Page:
As a marketplace for online training courses, we’ve quickly learned what our customers are looking for in elearning courses – and what keeps buyers coming back for more. In a web presentation during yesterday’s Elearning Guild Online Forum, I shared some of the instructional design best practices that we’ve learned from talking with customers. Here’s my Top Ten:
1. The 11 Minute Rule. In 2004, a scientist named Gloria Mark completed a study of human-technology interaction. She found that each worker went an average of 11 minutes on any given task before being interrupted by a coworker, email, IM or other demand for their attention. This probably sounds familiar to you, too!
You need to design content to fit in the short chunks of attention that your learners are likely to have available to them. This doesn’t mean that each course must be less than 11 minutes, but it means you should structure the information in the course so that each piece can be digested, if you will, in one 11 minute sitting. You can separate skills or information into smaller experiences that can be explored within the timeframe that a learner is likely to have open to them.
2. Space your learning. The lag time between repetitions is less important than encouraging the learner to examine another topic and then revisit the information previously discussed. This “spaced learning” – forcing learners to reprocess information – increases retention and helps reinforce the new skills you’re trying to share.
3. Use a storyboard. A course really is a story. You’re leading a learner through an experience. And just like Hollywood movies start with a story board, we hear from many of our successful instructional designers that an old-fashioned storyboard sketch will help you understand and focus on how a learner experiences a course before actually beginning design.
4. Don’t rely on text. From each and every customer, the #1 complaint we hear is that courses are too filled with text. Don’t insult learners’ intelligence with an “elearning course” that’s little more than a document broken into different screens. In general, delivering the same information through visual content and audio is redundant and boring.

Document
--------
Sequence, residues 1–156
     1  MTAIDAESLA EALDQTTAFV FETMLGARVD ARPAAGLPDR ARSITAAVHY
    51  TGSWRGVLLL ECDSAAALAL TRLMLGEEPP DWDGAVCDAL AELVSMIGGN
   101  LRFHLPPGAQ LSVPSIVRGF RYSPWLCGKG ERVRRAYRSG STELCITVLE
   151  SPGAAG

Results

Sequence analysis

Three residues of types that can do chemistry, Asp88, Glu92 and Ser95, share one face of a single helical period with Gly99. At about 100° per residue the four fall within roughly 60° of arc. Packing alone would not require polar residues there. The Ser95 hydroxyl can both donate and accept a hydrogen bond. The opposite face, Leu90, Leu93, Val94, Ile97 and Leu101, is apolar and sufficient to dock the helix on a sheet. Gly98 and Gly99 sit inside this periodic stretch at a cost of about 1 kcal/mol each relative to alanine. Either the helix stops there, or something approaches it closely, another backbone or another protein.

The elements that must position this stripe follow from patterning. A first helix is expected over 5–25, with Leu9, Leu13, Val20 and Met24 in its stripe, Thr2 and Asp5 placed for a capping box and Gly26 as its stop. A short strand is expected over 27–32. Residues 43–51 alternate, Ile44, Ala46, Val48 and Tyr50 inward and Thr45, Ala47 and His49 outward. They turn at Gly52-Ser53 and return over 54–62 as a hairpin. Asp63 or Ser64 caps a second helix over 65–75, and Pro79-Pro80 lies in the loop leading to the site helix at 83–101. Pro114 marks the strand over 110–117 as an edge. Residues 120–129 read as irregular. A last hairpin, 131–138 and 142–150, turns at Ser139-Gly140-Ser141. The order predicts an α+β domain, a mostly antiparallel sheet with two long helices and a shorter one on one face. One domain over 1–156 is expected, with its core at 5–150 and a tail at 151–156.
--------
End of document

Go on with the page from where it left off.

If you’re struggling with how to ensure your course is 508 compliant while avoiding the text nightmare, check in with your authoring tool’s help documents. Many tools offer the ability to offer a transcript in a sidebar that can be hidden or viewed as necessary.
5. Experiment with video. If you’re showing a social or interpersonal skill, video can help your learner connect with examples. And I can tell you from experience that when given a choice between texty courses and courses that use video clips, our customers prefer the video clip based courses every time.
And while video might sound expensive, we’ve seen really effective iPhone-shot videos incorporated in courses as either an interview, product demo or just simply sharing an example. You can also effectively use video by curating and sharing video resources that exist throughout the web. Out of hundreds of millions of videos on YouTube, there’s probably something that will help you tell your story – even if it’s just something showing what not to do.